“I’m an experienced driver,” he told me. It was true. A lifetime ago, he drove a bus throughout the Midwest for more than a decade. We joked that this commute across Florida bridged his current life as a poet and teacher with his past life as a driver. He left at 6 a.m. with a tall thermos of coffee and a sandwich; he taught four classes; and he was back by 10:30 p.m. Some great poetry came from those drives.

I drove a bus in and around Chicago. And let’s be clear: I did not drive a city bus. It was a charter coach. I drove to Milwaukee and Davenport and Green Bay and Elkhart. I got lost in small towns all over the Midwest. I drove elderly women from the South Side of Chicago to an Indian Gaming Casino in Wisconsin. They smoked the entire way. I drove a bachelorette party to a greyhound racetrack on the West Side. I drove a bachelor party to a gambling boat in Peoria. On the way back, one of the guys was so drunk he climbed out of the emergency hatch on top of the bus and tried to stand on the roof. I’ll give you one more because I know you want it: I drove a group of chain-smoking Japanese executives from Chicago to Fond du lac, Wisconsin, to tour a frozen fish packing plant.

“If it ever gets to me, I’ll tell you,” Jesse said about the drive from Hollywood to Fort Myers and back. But I knew he wouldn’t. He wasn’t one to complain.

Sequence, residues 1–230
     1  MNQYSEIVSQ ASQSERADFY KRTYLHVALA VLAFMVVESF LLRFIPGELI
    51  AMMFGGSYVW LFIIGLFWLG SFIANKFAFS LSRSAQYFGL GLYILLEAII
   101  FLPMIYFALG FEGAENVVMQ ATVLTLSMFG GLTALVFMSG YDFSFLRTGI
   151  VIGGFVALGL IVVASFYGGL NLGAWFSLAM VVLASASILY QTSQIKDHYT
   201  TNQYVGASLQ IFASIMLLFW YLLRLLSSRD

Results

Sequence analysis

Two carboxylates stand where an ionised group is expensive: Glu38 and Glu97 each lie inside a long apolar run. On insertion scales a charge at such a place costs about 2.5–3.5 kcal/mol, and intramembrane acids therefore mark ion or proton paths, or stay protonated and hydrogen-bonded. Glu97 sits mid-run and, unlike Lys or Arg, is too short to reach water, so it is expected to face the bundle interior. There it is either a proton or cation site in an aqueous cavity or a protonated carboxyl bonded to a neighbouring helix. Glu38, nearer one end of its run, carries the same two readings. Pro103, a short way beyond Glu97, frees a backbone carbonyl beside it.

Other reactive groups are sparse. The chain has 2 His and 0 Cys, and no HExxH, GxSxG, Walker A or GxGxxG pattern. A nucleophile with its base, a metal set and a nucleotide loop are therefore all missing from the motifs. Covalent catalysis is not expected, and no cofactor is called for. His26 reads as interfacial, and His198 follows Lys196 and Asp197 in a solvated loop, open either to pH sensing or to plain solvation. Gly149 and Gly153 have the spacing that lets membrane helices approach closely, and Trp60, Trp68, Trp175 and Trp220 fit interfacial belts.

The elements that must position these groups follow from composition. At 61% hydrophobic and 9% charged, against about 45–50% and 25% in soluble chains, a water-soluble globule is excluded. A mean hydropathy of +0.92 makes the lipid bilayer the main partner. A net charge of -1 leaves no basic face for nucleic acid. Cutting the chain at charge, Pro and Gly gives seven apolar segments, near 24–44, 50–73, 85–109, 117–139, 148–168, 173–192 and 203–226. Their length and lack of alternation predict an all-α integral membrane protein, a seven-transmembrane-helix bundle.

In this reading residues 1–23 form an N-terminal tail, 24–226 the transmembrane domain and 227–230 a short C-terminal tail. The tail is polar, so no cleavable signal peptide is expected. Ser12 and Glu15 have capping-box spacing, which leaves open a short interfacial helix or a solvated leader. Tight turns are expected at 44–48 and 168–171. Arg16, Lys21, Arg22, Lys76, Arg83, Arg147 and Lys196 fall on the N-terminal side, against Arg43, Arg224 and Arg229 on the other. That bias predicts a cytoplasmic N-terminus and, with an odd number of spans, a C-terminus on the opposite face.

That isn’t true. I’ve always complained about the things that perpetually bother me: the Cubs and losing. Mildew. Florida summers.

Because I didn’t want Jesse to be too rattled when he got home, I tried to straighten up the house to make it look not so alarming. I dragged a broom through broken glass and marble and pulverized what-not before one of the swarming workers sat me down on the stairs. Men came with plywood to cover the hole. A Fox reporter and a cameraman asked the men to wait. They wanted their live shot to include the inside of our living room. “Speed up,” I told the men. I wanted the plywood up for Jesse.

That didn’t work. I was completely rattled.

I tell you this because ours is a quiet marriage and a quiet house. We are writers. The drama happens on the page.

Yes. As long as we’ve known each other, for the most part we’ve respected each other’s writing spaces. These days we have offices. In our grad school days when we first got married, Lyn wrote in the laundry room, pinned between a wall and a washing machine. We had tried to write in the living room together, but when I’m in the same room with her I get distracted. I also liked to throw spitballs to keep from writing.